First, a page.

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Walmart MP3 hits 74 cents, gains Mac support

updated 08:40 am EDT, Tue October 28, 2008

Walmart MP3 Mac Support

Walmart today made an aggressive move against Amazon and Apple by lowering the prices of its MP3 Music Downloads store. The service now offers per-track downloads as low as 74 cents versus the 89-cent minimum of Amazon MP3 and iTunes' fixed 99-cent price. Normal tracks are 94 cents, Wal-Mart says. The retailer also plans to drive users to the store through a tie-in with CD sales: starting from mid-November, those who order physical copies of albums either online or in stores get a free MP3 song from any artist or album.

The company has also made key moves to open its previously Windows- and Internet Explorer-centric web store to more platforms. The new version works with any operating system, including Linux and Mac OS X, and supports more standardized browsers such as Firefox and Safari. It also synchronizes more directly with users' collections and will copy both the songs and their artwork to Windows editions of iTunes or Windows Media Player.

Walmart's initiative comes as the big-box chain has struggled to compete in the online space. The company lost its lead in total music sales to iTunes earlier in 2008 and has less than half the catalog, holding just three million songs versus Apple's 8 million. While Walmart has the advantage of unprotected music from all four major labels, Amazon MP3 has a similar advantage but also more than 4.5 million tracks.



By Electronista Staff
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Comments

  1. bjojade

    Fresh-Faced Recruit

    Joined: Jun 2007

    +2

    Great news!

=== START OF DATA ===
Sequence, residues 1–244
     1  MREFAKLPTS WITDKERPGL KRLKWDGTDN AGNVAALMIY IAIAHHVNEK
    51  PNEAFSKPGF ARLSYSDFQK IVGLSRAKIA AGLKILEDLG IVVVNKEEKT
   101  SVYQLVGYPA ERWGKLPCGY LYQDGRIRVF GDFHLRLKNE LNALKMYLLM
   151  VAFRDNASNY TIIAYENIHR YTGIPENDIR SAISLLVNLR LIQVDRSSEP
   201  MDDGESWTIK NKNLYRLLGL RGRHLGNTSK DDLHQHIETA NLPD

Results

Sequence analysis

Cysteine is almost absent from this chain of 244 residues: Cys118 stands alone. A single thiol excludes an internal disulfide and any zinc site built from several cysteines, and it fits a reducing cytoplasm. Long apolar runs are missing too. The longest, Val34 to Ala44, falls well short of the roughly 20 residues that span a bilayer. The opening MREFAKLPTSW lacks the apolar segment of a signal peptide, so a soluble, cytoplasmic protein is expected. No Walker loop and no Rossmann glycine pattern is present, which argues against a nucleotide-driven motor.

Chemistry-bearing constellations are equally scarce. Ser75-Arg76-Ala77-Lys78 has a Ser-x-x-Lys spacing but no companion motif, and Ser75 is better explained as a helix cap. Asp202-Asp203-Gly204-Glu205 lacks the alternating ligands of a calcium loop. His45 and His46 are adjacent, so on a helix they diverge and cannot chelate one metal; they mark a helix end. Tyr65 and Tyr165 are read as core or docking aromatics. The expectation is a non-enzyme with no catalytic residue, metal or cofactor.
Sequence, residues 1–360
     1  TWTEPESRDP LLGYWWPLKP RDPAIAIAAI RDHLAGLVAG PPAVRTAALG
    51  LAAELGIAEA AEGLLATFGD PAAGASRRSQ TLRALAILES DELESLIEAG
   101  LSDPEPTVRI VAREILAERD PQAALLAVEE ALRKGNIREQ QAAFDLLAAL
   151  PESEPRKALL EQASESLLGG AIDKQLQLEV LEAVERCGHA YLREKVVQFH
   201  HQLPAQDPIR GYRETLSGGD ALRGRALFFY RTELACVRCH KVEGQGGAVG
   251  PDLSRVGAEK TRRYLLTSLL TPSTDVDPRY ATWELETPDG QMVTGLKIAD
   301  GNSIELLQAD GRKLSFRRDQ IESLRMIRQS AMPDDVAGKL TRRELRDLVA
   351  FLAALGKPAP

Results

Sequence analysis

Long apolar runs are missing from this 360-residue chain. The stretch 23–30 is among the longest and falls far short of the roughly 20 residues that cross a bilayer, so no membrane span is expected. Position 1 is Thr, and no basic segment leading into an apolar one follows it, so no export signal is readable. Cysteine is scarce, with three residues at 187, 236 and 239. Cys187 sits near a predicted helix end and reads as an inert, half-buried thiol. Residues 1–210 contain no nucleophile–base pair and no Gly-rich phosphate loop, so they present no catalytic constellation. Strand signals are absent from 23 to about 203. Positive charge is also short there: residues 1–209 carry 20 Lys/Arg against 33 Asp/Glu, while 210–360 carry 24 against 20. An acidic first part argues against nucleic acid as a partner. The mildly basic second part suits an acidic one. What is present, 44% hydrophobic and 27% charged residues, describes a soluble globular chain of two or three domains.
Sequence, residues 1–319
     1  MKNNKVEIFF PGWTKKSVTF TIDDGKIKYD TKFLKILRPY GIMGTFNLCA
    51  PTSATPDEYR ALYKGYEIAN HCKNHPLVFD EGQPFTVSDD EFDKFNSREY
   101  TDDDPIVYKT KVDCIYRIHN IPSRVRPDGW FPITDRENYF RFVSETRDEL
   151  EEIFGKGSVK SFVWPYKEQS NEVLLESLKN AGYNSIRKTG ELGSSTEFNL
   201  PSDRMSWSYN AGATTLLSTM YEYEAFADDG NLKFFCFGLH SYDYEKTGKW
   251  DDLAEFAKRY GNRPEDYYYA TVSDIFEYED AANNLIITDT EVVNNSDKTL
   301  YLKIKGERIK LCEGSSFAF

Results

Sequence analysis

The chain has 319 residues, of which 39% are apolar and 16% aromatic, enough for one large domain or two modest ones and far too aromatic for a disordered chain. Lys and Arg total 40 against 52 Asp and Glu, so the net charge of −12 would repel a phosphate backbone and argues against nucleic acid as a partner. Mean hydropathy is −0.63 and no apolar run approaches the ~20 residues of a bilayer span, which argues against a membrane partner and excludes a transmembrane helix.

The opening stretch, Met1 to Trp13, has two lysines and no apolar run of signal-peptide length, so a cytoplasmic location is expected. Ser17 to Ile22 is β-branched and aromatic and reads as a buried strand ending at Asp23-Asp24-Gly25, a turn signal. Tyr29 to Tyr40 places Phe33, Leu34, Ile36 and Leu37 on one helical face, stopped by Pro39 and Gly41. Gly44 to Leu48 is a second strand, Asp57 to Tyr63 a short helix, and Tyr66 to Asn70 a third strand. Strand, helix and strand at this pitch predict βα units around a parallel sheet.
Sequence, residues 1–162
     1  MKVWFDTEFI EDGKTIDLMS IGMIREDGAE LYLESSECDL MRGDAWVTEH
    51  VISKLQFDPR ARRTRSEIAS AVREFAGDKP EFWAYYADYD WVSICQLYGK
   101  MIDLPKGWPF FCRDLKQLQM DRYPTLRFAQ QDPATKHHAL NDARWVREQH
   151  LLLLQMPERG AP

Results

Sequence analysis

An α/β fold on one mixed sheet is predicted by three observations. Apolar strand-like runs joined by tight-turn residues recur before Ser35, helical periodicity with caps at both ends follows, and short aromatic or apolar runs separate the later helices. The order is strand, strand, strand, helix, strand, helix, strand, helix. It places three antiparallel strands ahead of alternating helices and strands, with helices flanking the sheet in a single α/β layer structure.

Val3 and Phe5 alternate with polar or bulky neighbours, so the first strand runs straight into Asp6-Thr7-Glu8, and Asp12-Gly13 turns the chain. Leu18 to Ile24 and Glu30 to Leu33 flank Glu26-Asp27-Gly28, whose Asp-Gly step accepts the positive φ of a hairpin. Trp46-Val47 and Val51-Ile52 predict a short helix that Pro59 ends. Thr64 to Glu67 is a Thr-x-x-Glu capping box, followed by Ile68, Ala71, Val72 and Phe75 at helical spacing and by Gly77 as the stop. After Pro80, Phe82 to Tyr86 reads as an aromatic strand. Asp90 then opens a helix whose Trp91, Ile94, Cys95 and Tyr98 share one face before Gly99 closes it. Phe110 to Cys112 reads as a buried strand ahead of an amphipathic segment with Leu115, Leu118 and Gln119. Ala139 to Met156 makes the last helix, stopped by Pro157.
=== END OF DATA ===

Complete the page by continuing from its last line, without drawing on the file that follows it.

O.K, so what's the REAL holdup keeping Apple from making iTunes DRM free? Obviously all the other big players are doing it. Why won't the labels let Apple?

  1. Guest

    Fresh-Faced Recruit

    Joined: Nov 1999

    +2

    Power

    Keeping iTunes DRM based is the only power the music company's can dangle over Apples head. Labels try to make everyone else DRM Free in an effort to give them a leg up and loosen Apple grip.... but to no avail.


  1. Constable Odo

    Fresh-Faced Recruit

    Joined: Aug 2007

    0

    Supposedly, Apple...

    barely makes money from the iTMS, so if Walmart is selling the songs for less money, how are they making any profit at all. Anyone have an idea what's causing so much overhead cost of maintaining iTMS? Storage costs, programmer maintenance?

  1. testudo

    Forum Regular

    Joined: Aug 2001

    -1

    Re: Supposedly

    Supposedly is correct. The thing is, no one actually knows how much Apple makes from the iTMS, and they aren't saying. But considering the amount of sales they have on it, and how closely they hold to FairPlay and such, one would think that its not just 'squeaking' by.

  1. testudo

    Forum Regular

    Joined: Aug 2001

    -1

    Re: Power

    I know everyone loves to kill the RIAA, but why exactly is Apple having 'the power' better than the RIAA, except that it kicks the RIAA?

  1. vasic

    Fresh-Faced Recruit

    Joined: May 2005

    +1

    Very simple

    Apple barely makes money on iTunes. Labels are giving Wal-Mart a big break. It is widely known that their cut from the $0.99 US price is around $0.79, and the remaining $0.20 is left to Apple to cover the cost of bandwidth, hosting, etc. Obviously, labels can afford to give Wal-mart a big break in order to undercut Apple and iTunes.

    Make no mistake, for consumers, Apple and iTunes having power is infinitely better for the consumer than labels having power. Apple was the one that brought DRM-free music (remember, EMI was the first label that agreed); when labels realised it wouldn't generate rampant piracy, they decided they liked it, but, in order to undercut iTunes, they let everyone else sell DRM-free.